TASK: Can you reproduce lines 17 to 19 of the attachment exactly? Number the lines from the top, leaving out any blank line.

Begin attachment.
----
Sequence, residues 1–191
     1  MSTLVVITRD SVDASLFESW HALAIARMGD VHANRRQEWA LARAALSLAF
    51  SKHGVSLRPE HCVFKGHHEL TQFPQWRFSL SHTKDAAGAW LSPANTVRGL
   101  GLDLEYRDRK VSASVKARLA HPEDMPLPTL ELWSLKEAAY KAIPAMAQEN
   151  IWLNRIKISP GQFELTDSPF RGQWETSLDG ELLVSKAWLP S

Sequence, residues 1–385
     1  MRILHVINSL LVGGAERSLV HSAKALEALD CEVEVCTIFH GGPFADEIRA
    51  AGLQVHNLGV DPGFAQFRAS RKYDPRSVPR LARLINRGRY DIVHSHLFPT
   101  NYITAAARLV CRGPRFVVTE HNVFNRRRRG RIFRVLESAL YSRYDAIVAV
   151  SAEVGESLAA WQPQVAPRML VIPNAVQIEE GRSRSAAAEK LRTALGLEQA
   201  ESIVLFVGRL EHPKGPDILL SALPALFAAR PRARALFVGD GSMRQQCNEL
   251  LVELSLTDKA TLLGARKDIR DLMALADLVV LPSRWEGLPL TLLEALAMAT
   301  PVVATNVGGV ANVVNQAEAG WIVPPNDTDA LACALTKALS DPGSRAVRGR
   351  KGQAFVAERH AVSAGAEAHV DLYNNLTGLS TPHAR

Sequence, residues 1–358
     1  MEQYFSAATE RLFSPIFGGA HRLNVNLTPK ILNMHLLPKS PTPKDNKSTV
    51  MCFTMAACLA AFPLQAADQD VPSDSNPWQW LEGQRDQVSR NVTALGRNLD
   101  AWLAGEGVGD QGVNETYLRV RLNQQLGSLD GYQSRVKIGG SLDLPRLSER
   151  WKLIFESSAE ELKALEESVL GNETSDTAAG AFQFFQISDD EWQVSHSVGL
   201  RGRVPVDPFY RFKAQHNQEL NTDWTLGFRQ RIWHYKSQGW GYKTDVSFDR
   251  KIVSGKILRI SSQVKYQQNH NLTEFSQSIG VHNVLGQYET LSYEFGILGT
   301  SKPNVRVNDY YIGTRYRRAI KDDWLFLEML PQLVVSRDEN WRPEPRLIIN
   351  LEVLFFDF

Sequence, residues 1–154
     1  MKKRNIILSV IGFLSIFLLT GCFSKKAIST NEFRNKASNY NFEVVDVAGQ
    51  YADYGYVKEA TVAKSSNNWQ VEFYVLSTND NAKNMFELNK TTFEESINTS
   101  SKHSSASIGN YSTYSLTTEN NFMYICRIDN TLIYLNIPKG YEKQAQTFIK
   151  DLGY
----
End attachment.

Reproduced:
    51  MCFTMAACLA AFPLQAADQD VPSDSNPWQW LEGQRDQVSR NVTALGRNLD
   101  AWLAGEGVGD QGVNETYLRV RLNQQLGSLD GYQSRVKIGG SLDLPRLSER
   151  WKLIFESSAE ELKALEESVL GNETSDTAAG AFQFFQISDD EWQVSHSVGL